Weaver lived with his parents in Flourtown until his late twenties, but was not content to remain a farmer. 18 He also became a miller, merchant, and textile manufacturer. He seemed to have a knack for all of these endeavors and, as a result, began accumulating enough surplus capital to take advantage of new business opportunities as they arose. When the War of 1812 broke out, he tried his hand at such speculative ventures as running the British naval blockade and iron manufacturing in the Valley of Virginia. Weaver found that the free White laborers were very poor workmen, while slave laborers, on the other hand, were excellent.

Buffalo Forge in 1860Thus it was that Weaver moved away from both his northern roots and religious customs to become one of the largest slave holders in the Valley. He bought his first slaves in October 1815. He seemed to have no hesitation in using slaves. He never appeared on the books as an official member of the Dunkers, so he must have realized the religious and business conflicts early in life..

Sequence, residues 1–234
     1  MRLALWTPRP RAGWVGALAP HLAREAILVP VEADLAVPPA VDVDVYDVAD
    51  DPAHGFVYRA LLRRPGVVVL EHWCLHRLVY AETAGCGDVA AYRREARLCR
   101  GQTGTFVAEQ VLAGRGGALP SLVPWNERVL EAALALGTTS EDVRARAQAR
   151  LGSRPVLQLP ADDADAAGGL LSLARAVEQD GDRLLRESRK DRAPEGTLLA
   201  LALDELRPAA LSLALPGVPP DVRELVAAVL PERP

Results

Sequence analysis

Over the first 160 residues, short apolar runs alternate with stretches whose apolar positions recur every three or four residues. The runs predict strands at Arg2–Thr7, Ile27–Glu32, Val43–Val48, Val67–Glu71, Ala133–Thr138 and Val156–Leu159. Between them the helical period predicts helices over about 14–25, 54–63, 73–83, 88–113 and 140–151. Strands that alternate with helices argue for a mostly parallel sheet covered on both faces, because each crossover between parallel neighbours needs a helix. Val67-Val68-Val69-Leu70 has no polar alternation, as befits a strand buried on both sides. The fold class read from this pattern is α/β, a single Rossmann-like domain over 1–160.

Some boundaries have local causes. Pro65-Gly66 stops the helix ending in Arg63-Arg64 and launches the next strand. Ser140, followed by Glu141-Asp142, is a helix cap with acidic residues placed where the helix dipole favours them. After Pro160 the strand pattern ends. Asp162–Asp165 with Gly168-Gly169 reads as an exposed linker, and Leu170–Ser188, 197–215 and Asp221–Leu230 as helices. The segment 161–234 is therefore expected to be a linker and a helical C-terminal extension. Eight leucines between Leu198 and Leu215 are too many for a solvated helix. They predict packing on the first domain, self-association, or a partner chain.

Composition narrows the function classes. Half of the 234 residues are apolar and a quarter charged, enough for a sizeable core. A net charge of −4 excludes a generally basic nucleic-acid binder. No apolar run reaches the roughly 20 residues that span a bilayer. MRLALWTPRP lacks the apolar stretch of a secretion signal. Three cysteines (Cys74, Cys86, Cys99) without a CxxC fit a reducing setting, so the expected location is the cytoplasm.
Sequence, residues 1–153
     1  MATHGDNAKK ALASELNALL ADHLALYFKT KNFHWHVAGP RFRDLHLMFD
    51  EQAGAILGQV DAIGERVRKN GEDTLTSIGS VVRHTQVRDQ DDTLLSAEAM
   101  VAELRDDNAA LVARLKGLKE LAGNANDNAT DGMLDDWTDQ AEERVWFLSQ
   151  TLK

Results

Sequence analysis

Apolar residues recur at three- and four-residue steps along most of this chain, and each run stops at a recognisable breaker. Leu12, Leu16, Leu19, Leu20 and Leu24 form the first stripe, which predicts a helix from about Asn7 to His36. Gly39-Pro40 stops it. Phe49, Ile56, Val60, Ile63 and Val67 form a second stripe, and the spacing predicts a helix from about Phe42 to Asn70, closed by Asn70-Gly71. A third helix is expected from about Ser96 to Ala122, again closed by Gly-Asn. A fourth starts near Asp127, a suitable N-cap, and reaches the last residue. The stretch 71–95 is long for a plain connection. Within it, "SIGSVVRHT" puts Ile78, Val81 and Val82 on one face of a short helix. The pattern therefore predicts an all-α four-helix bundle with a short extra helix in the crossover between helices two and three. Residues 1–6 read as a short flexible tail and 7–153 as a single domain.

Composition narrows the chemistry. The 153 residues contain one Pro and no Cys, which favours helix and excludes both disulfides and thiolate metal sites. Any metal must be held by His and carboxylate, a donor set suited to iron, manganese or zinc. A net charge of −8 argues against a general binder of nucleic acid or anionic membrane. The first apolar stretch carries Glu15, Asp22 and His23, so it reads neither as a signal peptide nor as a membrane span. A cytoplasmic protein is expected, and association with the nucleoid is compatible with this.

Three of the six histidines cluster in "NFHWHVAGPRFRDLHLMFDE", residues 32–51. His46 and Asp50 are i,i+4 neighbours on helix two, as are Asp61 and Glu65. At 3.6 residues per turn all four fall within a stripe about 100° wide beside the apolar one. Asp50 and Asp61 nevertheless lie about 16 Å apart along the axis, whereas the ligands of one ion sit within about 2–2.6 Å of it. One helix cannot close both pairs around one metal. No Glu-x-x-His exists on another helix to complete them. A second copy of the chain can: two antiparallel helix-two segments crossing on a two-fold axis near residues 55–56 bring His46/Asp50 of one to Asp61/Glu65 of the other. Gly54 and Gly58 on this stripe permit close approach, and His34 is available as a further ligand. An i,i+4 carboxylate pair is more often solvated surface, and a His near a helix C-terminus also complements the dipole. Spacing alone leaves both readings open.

Since the Dunkers (or Brethren) had migrated from Pennsylvania into a few southern States with significant slave populations, the issue of slavery or even paying slaves would inevitably confront them at their Annual Conference. The earliest record of an official mention was in their Annual Conference minutes for 1797, held at Blackwater, Virginia: "It was considered good, and also concluded unanimously, that no brother or sister should have negroes as slaves; and in case a brother or sister had such he or she was to set them free. Proclaimed at the 1855 conference, "(concerning) Brethren who hire a slave or slaves, and paying wages to their owners, we do not approve of it. The same is attended with evil which is combined with slavery. It is taking hold of the same evil which we cannot encourage, and should be banished and put from among us, and cannot be tolerated in the church." 19